The goal of treatment for spontaneous coronary artery dissection is to repair the tear in your damaged artery and restore blood flow to your heart.
Which treatments are best for you will depend on your situation, including the size of the tear in your artery and its location, as well as any signs or symptoms you're experiencing. Whenever possible, doctors allow the damaged artery to heal on its own, rather than repairing it through invasive procedures.
After spontaneous coronary artery dissection, your doctor may recommend medications to restore blood flow to your heart. Medications can include:
- Blood-thinning drugs. Drugs that reduce the number of blood-clotting platelets in your blood (anticoagulants) reduce the risk of a clot forming in your torn artery.
- Blood pressure drugs. Drugs used to treat high blood pressure can lower your heart's demand for blood, reducing the pressure in your damaged artery. You may continue to take blood pressure drugs indefinitely to reduce the risk of another spontaneous coronary dissection.
For some people, medications may relieve symptoms of spontaneous coronary artery dissection. In these situations, it may be possible to forgo further treatment. If chest pain or other symptoms persist, other treatments may be needed.
Placing a stent to hold the artery open
If your spontaneous coronary artery dissection has blocked blood flow to your heart or if medications don't control your chest pain, your doctor may recommend placing a tiny mesh tube (stent) inside your artery to hold it open. A stent helps restore blood flow to your heart.
To position the stent, doctors insert a long, thin tube (catheter) into an artery — usually in your leg or arm — and thread the tube to the arteries in the heart. The catheter is guided to your damaged artery using X-rays or other imaging tests.
A wire with a deflated balloon is passed through the catheter to the tear in the artery. The balloon is then inflated, expanding the stent against your artery walls. The stent is left in place to hold the artery open.
Surgery to bypass the damaged artery
If other treatments haven't worked or if you have more than one tear in an artery, your doctor may recommend surgery to create a new way for blood to reach your heart.
Coronary artery bypass grafting is a procedure that involves removing a blood vessel from another part of your body, such as your leg. That blood vessel is stitched into place so that it diverts blood flow around your damaged artery.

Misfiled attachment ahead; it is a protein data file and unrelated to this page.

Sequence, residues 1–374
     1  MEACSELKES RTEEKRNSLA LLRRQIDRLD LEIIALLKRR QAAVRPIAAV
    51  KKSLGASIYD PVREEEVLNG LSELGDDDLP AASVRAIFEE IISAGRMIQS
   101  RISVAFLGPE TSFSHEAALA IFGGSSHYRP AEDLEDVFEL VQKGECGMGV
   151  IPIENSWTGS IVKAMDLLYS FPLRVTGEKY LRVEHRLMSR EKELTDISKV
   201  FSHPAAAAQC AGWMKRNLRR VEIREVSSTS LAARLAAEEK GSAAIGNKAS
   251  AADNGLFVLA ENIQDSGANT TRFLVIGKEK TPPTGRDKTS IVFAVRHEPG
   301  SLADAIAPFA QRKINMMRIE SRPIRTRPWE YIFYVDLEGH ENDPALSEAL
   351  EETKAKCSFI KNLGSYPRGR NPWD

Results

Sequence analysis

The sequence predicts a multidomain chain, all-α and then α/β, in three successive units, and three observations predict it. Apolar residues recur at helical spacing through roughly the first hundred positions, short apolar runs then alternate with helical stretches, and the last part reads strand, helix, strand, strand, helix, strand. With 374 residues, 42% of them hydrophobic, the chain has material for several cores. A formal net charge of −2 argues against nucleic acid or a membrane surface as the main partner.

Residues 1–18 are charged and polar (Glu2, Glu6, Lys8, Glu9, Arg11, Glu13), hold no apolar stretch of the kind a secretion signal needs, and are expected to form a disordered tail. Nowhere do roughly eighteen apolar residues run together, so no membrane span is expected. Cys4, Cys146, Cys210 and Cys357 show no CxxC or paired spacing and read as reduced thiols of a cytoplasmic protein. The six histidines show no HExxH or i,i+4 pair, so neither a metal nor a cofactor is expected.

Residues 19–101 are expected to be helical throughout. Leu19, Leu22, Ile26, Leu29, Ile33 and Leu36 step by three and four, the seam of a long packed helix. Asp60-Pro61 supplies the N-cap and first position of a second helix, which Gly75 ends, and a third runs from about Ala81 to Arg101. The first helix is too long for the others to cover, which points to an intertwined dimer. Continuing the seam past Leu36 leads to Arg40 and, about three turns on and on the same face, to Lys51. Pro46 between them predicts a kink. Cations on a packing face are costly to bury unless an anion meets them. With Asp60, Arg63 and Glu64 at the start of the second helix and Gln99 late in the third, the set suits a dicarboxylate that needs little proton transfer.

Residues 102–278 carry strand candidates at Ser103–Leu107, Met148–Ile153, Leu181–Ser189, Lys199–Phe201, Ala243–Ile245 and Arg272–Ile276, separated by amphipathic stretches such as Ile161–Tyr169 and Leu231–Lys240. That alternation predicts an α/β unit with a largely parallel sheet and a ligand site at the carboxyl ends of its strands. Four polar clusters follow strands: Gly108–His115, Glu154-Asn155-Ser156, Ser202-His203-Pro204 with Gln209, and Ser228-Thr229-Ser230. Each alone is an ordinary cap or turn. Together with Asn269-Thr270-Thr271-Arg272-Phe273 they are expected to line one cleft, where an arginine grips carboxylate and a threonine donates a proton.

After your treatment for spontaneous coronary artery dissection, your doctor may recommend other types of care to help you recover and to prevent other health problems. These may include:
Aug. 13, 2013
- Undergoing cardiac rehabilitation. Cardiac rehabilitation is a customized program of exercise and education designed to help you recover from a serious heart condition, such as a heart attack caused by spontaneous coronary artery dissection. Cardiac rehabilitation often includes monitored exercise, nutritional counseling, emotional support and education.
- Reviewing your family medical history. Some inherited conditions, such as the connective tissue disease Marfan syndrome, have been found to occur in people who experience spontaneous coronary artery dissection. Your doctor may refer you to a genetic counselor to review your family medical history and determine whether genetic testing may be right for you.
- Looking for weaknesses in other blood vessels. Your doctor may recommend using CT scanning to look for weaknesses and abnormalities in other blood vessels, such as those in your neck and abdomen.
- Tweet SM, et al. Clinical features, management and prognosis of spontaneous coronary artery dissection. Circulation. 2012;126:579.
- Vrints CJM. Spontaneous coronary artery dissection. Heart. 2010;806:91.
- Alfonso F, et al. Spontaneous coronary artery dissection: Long-term follow-up of a large series of patients prospectively managed with a "conservative" therapeutic strategy. JACC: Cardiovascular Interventions. 2012;5:1062.
- Glamore MJ, et al. Spontaneous coronary artery dissection. Journal of Cardiac Surgery. 2012;27:56.
- Ito H, et al. Presentation and therapy of spontaneous coronary artery dissection and comparisons of postpartum versus nonpostpartum cases. American Journal of Cardiology. 2011;107:1590.
- Don't take a chance with a heart attack: Know the facts and act fast. National Heart, Lung, and Blood Institute. http://www.nhlbi.nih.gov/health/public/heart/mi/heart_attack_fs_en.htm. Accessed Jan. 11, 2013.
- NINDS Fibromuscular dysplasia information page. National Institute of Neurological Disorders and Stroke. http://www.ninds.nih.gov/disorders/fibromuscular_dysplasia/fibromuscular_dysplasia.htm. Accessed Jan. 10, 2013.
- What is coronary angiography? National Heart, Lung, and Blood Institute. http://www.nhlbi.nih.gov/health/health-topics/topics/ca. Accessed Jan. 11, 2013.
- What is a stent? National Heart, Lung, and Blood Institute. http://www.nhlbi.nih.gov/health/health-topics/topics/stents. Accessed Jan. 14, 2013.
- What is coronary artery bypass grafting? National Heart, Lung, and Blood Institute. http://www.nhlbi.nih.gov/health/health-topics/topics/cabg. Accessed Jan. 14, 2013.
- Coping with feelings. American Heart Association. http://www.heart.org/HEARTORG/Conditions/More/CardiacRehab/Coping-with-Feelings_UCM_307092_Article.jsp. Accessed Jan. 14, 2013.
- Hayes SN (expert opinion). Mayo Clinic, Rochester, Minn. Jan. 17, 2013.
- What is cardiac rehabilitation? National Heart, Lung, and Blood Institute. http://www.nhlbi.nih.gov/health/health-topics/topics/rehab. Accessed Jan. 21, 2013.